ABSTRACT
Background: To date, no investigation has been carried out to systematically assess pharmacovigilance systems including quality control and resistance monitoring of artemisinin based combination therapies (ACTs) and other essential medicines in Benin.
Objective: To assess Benin’s pharmacovigilance system, identify the gaps and define elements of strategy which could lead to successful establishment of a functional system in Benin.
Methods: Quantitative approach using structure questionnaires was applied to investigate physicians, pharmacists and pharmaceutical industry representatives’ knowledge, attitude and practice regarding Adverse Drug Reactions (ADRs) reporting and the pharmacovigilance system in Benin. Specific questions examining the ADRs related to ACTs were also asked. Questions regarding reasons for non-reporting and important factors in a decision to report were also addressed.
The Indicator-based Pharmacovigilance Assessment Tool (IPAT) developed by the USAID-funded Strengthening Pharmaceutical Systems (SPS) program was also used to assess the current landscape with different stakeholders. Collecting data on the IPAT indicators was performed during different interviews of key informants. Reviewing documents from different stakeholders was done as well.
Results: All physicians and pharmacists have suspected at least one occurrence of ADR in their practice. 30.77% physicians and 31.11% pharmacists acknowledged that they faced at least one time ADRs suspected to be associated with antimalarial drug treatment (P-value<0.01). However none of the physicians or the pharmacists have ever reported ADRs to the national pharmacovigilance service. Significant difference (Chi2, P<0.05) was found between the proportion of physicians and pharmacists trained in pharmacovigilance (20% versus 1%). The main reasons for not reporting were “yellow card not available” and “not aware about the existence of pharmacovigilance center”.
A small percentage (6.97%) of representatives of the pharmaceutical companies in the country monitors the safety of their products and none of them have ever reported ADRs to the health authority (DPM). In return, none of the laboratories have ever received a report related to quality or ADRs related to their drugs on the market from LNCQ or DMP.
Use of the IPAT tool led to these respective overall scores for core and supplementary indicators: 10 and 7 demonstrating that there is no functional pharmacovigilance system in place. Using these findings, a SWOT analysis was done. The major shortcoming is the lack of expertise in pharmacovigilance despite the availability of qualified human resource in the country. Several recommendations were also made with respect to critical immediate next steps to be taken to ensure that pharmacovigilance and medicine safety systems are developed and sustained in Benin.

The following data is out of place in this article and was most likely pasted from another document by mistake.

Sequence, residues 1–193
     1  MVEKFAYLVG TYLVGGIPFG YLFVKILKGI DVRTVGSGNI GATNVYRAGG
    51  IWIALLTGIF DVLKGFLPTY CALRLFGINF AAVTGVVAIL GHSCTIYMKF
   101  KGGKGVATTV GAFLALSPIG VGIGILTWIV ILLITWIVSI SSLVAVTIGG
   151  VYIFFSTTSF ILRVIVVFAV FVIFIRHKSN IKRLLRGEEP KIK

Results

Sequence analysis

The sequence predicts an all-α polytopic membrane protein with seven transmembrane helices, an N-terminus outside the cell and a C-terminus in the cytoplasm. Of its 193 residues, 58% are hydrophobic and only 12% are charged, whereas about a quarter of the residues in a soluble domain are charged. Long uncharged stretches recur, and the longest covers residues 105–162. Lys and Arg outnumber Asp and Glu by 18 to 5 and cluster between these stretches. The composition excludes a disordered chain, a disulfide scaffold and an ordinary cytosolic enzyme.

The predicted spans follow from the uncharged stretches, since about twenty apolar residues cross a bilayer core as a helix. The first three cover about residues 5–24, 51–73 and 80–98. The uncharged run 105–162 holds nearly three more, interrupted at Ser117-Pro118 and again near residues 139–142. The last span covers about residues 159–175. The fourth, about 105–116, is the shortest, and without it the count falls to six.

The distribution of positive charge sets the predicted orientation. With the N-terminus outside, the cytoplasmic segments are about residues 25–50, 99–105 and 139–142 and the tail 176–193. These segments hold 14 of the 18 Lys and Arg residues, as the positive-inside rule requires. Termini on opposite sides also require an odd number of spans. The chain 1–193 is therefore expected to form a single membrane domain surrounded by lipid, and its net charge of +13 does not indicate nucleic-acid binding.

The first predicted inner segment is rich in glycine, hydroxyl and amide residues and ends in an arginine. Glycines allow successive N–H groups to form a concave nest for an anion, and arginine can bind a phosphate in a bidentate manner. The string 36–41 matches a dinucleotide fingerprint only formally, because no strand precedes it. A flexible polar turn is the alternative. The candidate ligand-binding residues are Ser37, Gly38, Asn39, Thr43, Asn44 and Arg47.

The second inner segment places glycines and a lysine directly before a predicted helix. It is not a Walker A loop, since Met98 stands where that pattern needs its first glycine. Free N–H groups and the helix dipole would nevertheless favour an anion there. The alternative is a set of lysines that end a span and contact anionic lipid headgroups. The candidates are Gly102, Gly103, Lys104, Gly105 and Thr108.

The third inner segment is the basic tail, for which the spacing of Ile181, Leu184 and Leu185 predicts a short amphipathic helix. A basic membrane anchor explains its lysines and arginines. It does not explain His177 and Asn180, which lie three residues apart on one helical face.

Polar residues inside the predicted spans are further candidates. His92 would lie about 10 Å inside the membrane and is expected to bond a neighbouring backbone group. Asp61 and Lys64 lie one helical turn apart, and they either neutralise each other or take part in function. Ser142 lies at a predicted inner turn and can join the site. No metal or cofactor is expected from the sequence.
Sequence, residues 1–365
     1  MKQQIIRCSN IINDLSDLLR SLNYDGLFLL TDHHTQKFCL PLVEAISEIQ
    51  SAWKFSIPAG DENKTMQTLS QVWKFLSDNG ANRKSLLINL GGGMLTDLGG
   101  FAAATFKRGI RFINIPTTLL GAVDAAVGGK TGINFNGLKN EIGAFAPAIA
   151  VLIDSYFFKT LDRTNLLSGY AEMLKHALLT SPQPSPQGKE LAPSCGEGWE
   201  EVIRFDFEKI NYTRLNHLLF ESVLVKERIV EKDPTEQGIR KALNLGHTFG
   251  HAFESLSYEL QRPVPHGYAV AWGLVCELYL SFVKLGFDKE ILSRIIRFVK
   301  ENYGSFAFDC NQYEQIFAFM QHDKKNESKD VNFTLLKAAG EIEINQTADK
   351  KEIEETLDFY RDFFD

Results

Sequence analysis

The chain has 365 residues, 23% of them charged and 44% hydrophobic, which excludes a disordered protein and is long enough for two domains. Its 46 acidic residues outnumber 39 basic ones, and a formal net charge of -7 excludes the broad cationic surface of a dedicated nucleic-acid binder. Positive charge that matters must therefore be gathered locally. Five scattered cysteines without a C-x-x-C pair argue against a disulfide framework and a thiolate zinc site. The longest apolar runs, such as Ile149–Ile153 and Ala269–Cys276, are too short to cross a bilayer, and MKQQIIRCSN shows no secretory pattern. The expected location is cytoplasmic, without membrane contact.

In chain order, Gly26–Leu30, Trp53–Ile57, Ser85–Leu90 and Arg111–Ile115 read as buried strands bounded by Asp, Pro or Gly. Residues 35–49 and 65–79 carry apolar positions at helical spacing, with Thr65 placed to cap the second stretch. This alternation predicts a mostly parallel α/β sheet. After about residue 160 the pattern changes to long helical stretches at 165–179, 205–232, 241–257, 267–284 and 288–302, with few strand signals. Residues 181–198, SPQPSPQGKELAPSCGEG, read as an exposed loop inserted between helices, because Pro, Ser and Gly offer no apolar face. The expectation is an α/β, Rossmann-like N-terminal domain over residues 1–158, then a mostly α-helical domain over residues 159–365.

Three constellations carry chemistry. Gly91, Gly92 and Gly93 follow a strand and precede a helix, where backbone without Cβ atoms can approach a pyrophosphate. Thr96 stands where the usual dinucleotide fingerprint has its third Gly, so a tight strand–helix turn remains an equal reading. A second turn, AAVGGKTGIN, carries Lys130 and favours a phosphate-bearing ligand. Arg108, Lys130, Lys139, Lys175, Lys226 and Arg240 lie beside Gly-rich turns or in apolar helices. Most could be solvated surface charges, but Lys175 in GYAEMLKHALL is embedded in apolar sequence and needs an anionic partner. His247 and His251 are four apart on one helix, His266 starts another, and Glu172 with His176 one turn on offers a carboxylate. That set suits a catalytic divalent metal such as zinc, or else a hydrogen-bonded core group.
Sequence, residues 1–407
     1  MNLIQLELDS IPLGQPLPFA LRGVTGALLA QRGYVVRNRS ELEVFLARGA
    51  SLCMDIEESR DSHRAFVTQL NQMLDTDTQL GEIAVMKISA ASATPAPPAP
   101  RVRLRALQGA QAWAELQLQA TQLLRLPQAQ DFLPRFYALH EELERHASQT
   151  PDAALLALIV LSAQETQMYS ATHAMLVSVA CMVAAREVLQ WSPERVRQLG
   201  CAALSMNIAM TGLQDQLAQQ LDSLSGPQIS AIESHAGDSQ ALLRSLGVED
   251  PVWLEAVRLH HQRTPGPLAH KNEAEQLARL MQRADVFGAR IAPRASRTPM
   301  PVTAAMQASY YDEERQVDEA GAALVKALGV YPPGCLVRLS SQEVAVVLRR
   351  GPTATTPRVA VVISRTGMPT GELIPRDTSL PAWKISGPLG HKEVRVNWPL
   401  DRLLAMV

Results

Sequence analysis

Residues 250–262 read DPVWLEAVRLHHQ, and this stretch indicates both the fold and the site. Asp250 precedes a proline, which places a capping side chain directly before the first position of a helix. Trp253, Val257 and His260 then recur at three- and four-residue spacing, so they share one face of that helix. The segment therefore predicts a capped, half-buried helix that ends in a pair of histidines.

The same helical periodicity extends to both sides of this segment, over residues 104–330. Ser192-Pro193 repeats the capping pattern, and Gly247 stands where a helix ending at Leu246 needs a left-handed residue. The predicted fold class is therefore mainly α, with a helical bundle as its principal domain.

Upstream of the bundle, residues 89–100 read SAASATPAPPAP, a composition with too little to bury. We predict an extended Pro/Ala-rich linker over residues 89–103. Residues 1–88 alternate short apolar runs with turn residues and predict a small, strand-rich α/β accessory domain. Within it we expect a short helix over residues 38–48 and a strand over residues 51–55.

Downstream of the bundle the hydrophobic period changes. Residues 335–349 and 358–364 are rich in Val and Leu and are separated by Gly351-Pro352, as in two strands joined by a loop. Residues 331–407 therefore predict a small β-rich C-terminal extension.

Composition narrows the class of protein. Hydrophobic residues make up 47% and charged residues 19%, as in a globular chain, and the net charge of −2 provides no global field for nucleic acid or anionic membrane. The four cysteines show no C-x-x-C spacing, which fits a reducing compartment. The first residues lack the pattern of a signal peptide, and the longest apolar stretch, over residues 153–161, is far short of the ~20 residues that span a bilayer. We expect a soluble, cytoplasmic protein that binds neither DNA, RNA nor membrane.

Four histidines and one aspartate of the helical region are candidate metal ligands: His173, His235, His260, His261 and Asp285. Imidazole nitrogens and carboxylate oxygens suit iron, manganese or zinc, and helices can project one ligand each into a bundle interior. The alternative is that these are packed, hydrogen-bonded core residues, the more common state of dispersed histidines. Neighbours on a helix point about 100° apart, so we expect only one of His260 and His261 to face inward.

Conclusions: This study has helped identify some of the critical challenges and barriers to promoting pharmacovigilance including control of quality and monitoring of ACTs resistance in Benin. There is a need to identify and implement adequate human resources use in order to build capacity and sustain the drug safety system for essential medicines and ACTs in particular. The Ministry of Health should involve all relevant stakeholders including the Faculty of Medicine and researchers to discuss these strategies and develop interventions for the successful implementation of pharmacovigilance in Benin.
Keywords
Pharmacovigilance; Artemisinin-combinaison therapy; Control of quality; Benin
Abbreviations
ADR: Adverse Drug Reaction; WHO: World Health Organisation; CNH-HKMU: Centre National Hospitalo-Universitaire Koutoukou-Maga; NPC: National Pharmacovigilance Center; NAFDAC: National Agency for Food and Drug Administration; IQR: Interquartile Range and Control; OTC: Over The Counter; PhV: Pharmacovigilance; ACTs: Artemisinin-based Combination Therapy; NPMIC: National Pharmacovigilance and Medicine Information Center; MoH: Ministry of Health; NGOs: Non Gouvernemental Organizations; IPAT: Indicator-based Pharmacovigilance Assessment Tool; NMCP: National Malaria Control Program (which is called PNLP in Benin); PNLP: Programme National de Lutte contre le Paludisme; LNCQ: Laboratoire National de Contrôle de qualité; DPM: Direction des Pharmacies et Médicaments; CMC: Comité Médical de Coordination; CRS: Catholic Relief Systems (NGO); AFRICARE: Africare (NGO); PISAF: Programme Intégré de Santé Familiale (NGO); ESS: Epidemiological Surveillance System; SNIGS: Système National d’Information et de Gestion Sanitaire; SOPs : Standard Operations Procedures; UMC: Uppsala Monitoring Center, the WHO Programme for International Drug Monitoring
Introduction